were three photographers - one says, when people start to jump, he continues
to roll, his camera is in play/record mode, because that is his job.
And whether the videotape is ever going to be used or not is a secondary
issue. Then we have a second photographer who says that once he saw
people starting to jump from the windows, he turned his head away and
he turned his camera off, and that was it for him. Then yet we have
a third photographer, who just stood there paralyzed, and said the Lord's
-Journalist Robyn Walensky, telling us of the different accounts related
to her for the book "Covering Catastrophe" regarding broadcast
journalists coverage of last Sept. 11th.The message here is that photojournalists
are as different as people can be sometimes.
Some are in-your-face kamikaze, some are never-say-boo introverts. Some
are 'get the video at any cost', some are 'it's a job I do well, but
it's a job'. When a shooter works alone, it's the job of a good editor
to choose the right person for the job. This process has been going
on since the beginning of journalism.
But in television news, it's a whole different ballgame. Now you need
to choose the right team. The best combination of reporter and photographer.
And as is the case with any team, often the chemistry is what creates
the synergistic situation, not each person's experience or talent. And
that's the challenge to the News Director or Assignment Editor of a
TV news operation. But that's the easy job.
The harder job is being part of that team, and making it work. There
are myriad subtleties in place, and being part of a great crew is sometimes
not for the faint of heart. There will be tense moments, major disagreements
and of course personality clashes.
At the heart of the matter is that in many shops it's not clear which
member of the news crew calls the shots. It's not usually a matter of
station or news policy, because it can't be. Sometimes the reporter
has 20 years experience, and the shooter is a rookie. Other times the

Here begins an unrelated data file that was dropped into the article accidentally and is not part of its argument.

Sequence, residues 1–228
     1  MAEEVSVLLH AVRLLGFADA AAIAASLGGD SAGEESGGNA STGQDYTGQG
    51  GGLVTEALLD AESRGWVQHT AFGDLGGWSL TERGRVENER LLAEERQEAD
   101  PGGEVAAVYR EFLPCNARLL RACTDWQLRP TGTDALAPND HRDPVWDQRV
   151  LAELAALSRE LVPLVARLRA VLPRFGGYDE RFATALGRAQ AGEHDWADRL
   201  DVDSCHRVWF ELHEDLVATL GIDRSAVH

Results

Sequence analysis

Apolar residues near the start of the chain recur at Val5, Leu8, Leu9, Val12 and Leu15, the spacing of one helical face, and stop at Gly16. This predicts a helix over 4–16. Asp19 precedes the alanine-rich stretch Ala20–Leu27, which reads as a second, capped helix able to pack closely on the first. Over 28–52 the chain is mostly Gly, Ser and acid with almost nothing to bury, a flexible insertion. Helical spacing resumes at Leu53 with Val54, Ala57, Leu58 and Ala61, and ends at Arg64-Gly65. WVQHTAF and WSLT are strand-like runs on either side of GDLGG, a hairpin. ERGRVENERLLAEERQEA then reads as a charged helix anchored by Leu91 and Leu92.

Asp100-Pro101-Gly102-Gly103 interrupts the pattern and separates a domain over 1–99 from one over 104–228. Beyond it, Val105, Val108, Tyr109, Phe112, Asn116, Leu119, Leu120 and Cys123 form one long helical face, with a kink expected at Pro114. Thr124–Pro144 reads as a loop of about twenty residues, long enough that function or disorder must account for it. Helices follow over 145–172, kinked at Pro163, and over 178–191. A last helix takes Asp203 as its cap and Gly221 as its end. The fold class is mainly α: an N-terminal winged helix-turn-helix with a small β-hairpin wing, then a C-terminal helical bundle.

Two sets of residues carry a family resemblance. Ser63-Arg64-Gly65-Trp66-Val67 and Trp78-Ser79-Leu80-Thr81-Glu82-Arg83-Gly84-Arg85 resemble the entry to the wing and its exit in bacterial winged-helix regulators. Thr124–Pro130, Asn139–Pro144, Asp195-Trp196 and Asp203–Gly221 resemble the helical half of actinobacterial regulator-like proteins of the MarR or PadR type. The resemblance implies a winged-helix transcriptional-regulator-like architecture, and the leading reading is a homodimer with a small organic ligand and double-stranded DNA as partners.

shooter knows the city and the newsmakers as well as anyone at the station,
but the reporter was just brought in from 3,000 miles away the day before.
Many times, it's a matter of giving up creative control for the reporter.
Some of us started in small markets, where we shot our own stuff. We
knew what we needed, and we knew ahead of time which shots would go
where when we started editing the piece back at the station. After a
few years of doing it this way, it's no easy task to hand the camera
off to someone else who can't really read your mind. Sure, the photographer
is a better shooter, often with better instincts and more experience
with a camera. But as a reporter, we were never trained on how to communicate
our video needs to someone else at this point in our careers.
What results is often an awkward dance of talent and ego. A feeling
out process. A give and take. And it's not easy. Back at the station,
the heated conversations often go like this:
Reporter: "Hey john, where's that shot of the papers being handed
to the Governor?"
Shooter: "I was getting the sound bite of the protesters outside
the building that you asked for. Can't be in two places y'know."
Reporter: "I have no usable cut-a-way shots at all for this piece!"
Shooter: "Then quit nodding your head while I try to get one, that's
not good journalism to act like you agree with what the newsmaker is
Reporter: "Oh now you're the journalist here?"
Shooter: "I sure was when I got exclusive vids of the Mayor being
punched last week while you were too busy putting on your make-up, wasn't